Equation 1 is the Poisson equation, which can solve the electric potential distribution using the charge density ρ. In this equation, ρ is equal to dopant ion N in the depletion-layer model, w is equal to the thickness of depletion layer, and ε is the dielectric constant of the material. In the common PN junction electric field distribution model, ρ is a variable that depends on the depletion-layer thickness w and dopant ion N. In this model, it changes after considering the tunneling effect. However, before considering the tunneling effect, we first built the electric field distribution using a common method.
By solving the Poisson equation with the device parameters, the mathematical expression of the max electric field is obtained. This expression is determined by the penetration thickness variation in the depletion layer shown in Formulas 2 and 3. In this expression, the parameters that include doping levels (N), thicknesses of depletion layer (w), and dielectric constants (ε) of different layers can be found in Fig. 1.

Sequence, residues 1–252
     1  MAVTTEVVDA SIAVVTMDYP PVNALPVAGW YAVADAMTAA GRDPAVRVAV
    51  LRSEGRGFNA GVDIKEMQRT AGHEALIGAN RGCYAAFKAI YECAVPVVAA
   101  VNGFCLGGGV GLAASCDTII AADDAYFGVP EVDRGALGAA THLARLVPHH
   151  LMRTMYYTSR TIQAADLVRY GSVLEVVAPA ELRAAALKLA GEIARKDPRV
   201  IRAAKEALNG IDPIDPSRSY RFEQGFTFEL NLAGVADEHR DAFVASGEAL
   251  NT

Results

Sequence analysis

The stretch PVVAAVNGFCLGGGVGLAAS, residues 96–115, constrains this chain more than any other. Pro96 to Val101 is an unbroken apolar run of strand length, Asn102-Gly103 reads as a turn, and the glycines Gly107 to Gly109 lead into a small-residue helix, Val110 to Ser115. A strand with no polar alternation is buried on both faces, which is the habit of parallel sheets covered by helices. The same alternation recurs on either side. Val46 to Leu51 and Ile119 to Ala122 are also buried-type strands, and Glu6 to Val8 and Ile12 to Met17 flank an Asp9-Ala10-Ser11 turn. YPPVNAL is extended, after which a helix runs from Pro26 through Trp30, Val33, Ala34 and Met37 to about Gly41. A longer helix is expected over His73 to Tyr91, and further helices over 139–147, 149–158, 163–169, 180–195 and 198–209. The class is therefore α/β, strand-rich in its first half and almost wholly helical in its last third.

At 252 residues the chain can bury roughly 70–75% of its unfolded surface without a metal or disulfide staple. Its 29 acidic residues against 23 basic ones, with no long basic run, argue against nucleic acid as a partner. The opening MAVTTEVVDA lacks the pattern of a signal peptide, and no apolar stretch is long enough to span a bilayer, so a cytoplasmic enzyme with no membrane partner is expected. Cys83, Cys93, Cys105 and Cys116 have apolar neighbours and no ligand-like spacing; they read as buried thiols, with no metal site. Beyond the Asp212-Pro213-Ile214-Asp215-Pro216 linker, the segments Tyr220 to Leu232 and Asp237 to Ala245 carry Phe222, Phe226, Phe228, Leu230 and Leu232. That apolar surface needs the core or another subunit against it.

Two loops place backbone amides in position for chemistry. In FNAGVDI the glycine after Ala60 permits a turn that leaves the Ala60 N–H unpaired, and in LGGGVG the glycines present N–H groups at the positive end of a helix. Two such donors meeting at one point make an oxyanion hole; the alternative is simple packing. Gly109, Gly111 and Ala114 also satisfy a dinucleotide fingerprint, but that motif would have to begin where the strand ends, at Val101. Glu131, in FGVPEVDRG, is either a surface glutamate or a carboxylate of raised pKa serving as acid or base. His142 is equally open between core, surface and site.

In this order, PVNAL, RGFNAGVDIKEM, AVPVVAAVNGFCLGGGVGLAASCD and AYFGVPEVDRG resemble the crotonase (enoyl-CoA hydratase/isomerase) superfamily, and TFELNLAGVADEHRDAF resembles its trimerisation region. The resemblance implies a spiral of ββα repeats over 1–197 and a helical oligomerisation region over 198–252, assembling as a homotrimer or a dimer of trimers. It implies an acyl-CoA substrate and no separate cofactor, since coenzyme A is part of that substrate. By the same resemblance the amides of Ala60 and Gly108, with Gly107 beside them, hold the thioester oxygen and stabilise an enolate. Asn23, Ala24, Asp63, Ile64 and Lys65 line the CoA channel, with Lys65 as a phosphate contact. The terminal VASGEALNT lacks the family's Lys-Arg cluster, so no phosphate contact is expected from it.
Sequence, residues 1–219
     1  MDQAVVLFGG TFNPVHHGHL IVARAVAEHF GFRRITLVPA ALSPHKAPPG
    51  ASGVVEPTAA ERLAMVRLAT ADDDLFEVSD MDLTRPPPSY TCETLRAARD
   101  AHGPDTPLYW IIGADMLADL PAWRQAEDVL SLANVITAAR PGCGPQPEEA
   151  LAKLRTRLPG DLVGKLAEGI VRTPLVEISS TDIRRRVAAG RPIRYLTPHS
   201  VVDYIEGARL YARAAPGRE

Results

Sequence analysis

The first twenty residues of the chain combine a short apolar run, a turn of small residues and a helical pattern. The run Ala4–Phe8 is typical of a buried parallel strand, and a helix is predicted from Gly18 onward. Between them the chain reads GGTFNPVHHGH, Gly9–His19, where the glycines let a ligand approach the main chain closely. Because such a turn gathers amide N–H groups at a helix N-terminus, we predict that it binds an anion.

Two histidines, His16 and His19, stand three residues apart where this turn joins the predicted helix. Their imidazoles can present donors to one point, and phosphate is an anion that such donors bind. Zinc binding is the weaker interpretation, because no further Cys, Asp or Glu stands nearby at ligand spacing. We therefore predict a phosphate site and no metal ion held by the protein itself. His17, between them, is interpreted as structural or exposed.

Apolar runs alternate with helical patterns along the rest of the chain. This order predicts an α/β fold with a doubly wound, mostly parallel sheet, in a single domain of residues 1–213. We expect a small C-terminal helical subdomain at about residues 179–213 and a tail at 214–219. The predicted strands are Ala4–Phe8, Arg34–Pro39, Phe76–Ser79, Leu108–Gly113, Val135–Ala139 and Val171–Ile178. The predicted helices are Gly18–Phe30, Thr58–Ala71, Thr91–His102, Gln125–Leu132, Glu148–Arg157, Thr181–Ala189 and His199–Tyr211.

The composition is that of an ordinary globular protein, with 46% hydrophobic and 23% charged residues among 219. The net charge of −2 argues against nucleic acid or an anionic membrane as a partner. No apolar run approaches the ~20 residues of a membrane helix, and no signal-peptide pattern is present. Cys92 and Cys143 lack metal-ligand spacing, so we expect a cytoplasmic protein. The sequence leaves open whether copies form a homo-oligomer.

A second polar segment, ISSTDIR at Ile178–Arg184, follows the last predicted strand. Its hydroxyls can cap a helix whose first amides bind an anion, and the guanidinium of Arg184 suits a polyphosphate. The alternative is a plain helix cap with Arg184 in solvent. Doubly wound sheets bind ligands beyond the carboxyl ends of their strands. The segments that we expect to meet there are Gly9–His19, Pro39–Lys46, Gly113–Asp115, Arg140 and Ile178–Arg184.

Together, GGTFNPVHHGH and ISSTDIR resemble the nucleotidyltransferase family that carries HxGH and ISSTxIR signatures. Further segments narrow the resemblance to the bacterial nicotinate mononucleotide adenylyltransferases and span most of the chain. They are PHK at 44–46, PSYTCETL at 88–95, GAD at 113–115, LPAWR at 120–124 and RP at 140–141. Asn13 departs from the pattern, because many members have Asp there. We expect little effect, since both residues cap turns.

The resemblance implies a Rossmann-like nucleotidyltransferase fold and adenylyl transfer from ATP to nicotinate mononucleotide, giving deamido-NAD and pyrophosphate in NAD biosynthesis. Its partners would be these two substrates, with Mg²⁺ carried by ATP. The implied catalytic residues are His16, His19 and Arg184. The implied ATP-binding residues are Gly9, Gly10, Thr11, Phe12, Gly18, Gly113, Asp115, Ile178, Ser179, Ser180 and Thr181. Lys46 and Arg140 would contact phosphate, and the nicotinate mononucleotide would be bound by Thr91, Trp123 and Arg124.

Then, the electric field distribution can be derived in all points using Formulas 4 and 5. The boundary condition ignores the built-in potential Vbr in Formula 6; therefore, the mathematical relationship between depletion layer thickness and bias voltage can be calculated.
From the model, once the boundary of the depletion layer reaches the contact region, Formulas 7–11 can be used to analyze the electric field in each layer. In the practical APD, the absorption and multiplication layers are unintentionally doped in intrinsic layers. N 3 and N 1 are less than N 2 . Thus, Formula 9 is approximately equal to Formula 12. It is the reason that charge layer can control the electric field distribution in the device.